A couple of years ago, I attended a funeral with a girlfriend. I didn’t know the lady who had passed away, but my girlfriend didn’t want to attend the funeral alone, and so I found myself at the funeral of a total stranger. For hours, I sat and listened to stories of this woman who sounded so loving, generous, and larger than life. At the end of the evening, I wished I’d have known her, and so I turned and asked her sister how she had died. I was more than a little stunned at the response. This lovely and loving woman had a toothache, which she ignored. She was stubborn and didn’t like doctors — she’d seen more than her share of doctors in her life. And so she ignored the pain until it was unbearable. But by then, it was too late. The infection had spread too far. Her organs shut down. And this very vital lady — only in her 40s — was gone.
One of my Dad’s favorite sayings is, “Don’t make a mountain out of a molehill.” This means that one shouldn’t blow things out of proportion. If you stub your toe, you’ve stubbed your toe — not broken a hip. Suck it up and move on. But in this lady’s case, instead of making a mountain out of a molehill, she had ignored a molehill until it became a mountain. And she got crushed in the landslide.
I’ve been more often guilty of making mountains out of molehills. Over the years, I’ve lost count of how many small concerns that I’ve worried over so much that they turned into seemingly overwhelming obstacles. But reading this chapter of Christa Black Gifford’s “Heart Made Whole,” I realized that I’ve also been guilty of making molehills out of mountains. Sometimes, it’s easier to close one’s eyes and pretend the dragon isn’t there than to find the courage and strength to slay it. But as I learned at this stranger’s funeral, sometimes, ignoring a seemingly small symptom is fatal.
Christa says, “When we try to muzzle the symptom, we never uncover the actual problem — which also means we won’t ever find a permanent solution,” (Gifford, 116).
Stop for a second, think, and I bet you can come up with a couple of “symptoms” you’ve been ignoring… Has depression or anxiety been nagging you and you haven’t wanted to admit it and seek help? Have you noticed that you lose your temper with your spouse or your kids and awful lot? Has your job been stressing you out so much that you’re finding yourself staring at the bottom of a cocktail glass or a beer bottle just a little too often? Or maybe it’s an estranged parent or sibling that you haven’t talked to in years because they just don’t understand you and they make you crazy? Or is it something else that you can’t think about or speak aloud because you think people would love you less or think of you differently?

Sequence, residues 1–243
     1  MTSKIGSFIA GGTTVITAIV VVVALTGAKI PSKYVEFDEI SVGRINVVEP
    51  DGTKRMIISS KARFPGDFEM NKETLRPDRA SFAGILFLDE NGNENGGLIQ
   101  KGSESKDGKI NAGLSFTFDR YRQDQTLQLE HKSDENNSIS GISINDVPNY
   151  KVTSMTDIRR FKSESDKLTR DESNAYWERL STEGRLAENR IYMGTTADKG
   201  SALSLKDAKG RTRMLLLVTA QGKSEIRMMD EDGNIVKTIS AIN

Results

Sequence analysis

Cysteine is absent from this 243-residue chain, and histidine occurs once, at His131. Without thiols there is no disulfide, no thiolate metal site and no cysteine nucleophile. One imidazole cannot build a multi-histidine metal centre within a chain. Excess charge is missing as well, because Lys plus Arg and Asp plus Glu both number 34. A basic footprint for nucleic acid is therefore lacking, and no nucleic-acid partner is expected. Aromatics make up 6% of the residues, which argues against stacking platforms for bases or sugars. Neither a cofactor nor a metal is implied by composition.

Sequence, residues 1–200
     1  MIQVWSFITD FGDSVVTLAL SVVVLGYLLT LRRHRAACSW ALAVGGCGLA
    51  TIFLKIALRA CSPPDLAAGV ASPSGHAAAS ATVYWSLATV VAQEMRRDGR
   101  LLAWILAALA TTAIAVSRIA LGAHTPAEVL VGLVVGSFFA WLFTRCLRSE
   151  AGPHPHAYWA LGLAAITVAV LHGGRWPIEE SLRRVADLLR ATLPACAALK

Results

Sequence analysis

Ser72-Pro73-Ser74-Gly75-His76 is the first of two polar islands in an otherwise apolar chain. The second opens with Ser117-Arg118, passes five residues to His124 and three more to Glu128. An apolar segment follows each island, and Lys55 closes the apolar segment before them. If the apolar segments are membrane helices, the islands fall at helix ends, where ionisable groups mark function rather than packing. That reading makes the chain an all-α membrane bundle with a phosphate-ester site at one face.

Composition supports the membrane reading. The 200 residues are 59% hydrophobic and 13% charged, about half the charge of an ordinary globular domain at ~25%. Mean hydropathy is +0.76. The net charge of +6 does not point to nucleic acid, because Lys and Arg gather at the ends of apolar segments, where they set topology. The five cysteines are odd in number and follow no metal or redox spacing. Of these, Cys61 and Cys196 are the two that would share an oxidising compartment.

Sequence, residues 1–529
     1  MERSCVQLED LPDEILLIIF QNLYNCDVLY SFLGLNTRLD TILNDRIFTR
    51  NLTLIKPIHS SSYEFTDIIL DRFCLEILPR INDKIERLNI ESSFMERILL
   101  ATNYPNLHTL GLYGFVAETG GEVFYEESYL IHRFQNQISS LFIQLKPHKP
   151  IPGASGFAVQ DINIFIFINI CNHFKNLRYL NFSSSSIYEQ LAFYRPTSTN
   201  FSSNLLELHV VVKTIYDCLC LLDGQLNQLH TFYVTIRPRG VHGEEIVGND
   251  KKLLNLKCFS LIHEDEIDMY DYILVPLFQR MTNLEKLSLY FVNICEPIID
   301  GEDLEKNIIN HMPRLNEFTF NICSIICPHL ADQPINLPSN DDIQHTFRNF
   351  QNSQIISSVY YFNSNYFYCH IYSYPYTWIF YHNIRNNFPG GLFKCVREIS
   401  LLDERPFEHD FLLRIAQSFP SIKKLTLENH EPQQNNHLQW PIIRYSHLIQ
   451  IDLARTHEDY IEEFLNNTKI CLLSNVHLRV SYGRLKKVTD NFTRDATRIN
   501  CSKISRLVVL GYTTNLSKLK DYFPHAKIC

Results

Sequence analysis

Guess what? No matter what the symptom is that you face, you don’t face it alone. And you don’t have to heal it alone, either.
“No matter how dedicated you are, how hard you strive, or how strong you become, you will never possess the power to heal, cleanse, and purify the brokenness inside your heart because this has never been your job. Your role in life is to be a much-loved child, receiving all that Father offers through salvation, and letting Him complete His work in you through an exchange of supernatural power and relationship,” (Gifford, 131).
This post is a discussion on Christa Black Gifford’s book, “Heart Made Whole.” You’re welcome to stay and chat whether you’ve read the book or not. Your thoughts and reflections are always welcome here! If you did write a response to this chapter, you can link your blog post over at my co-facilitator Jason’s place. We’d love to read it!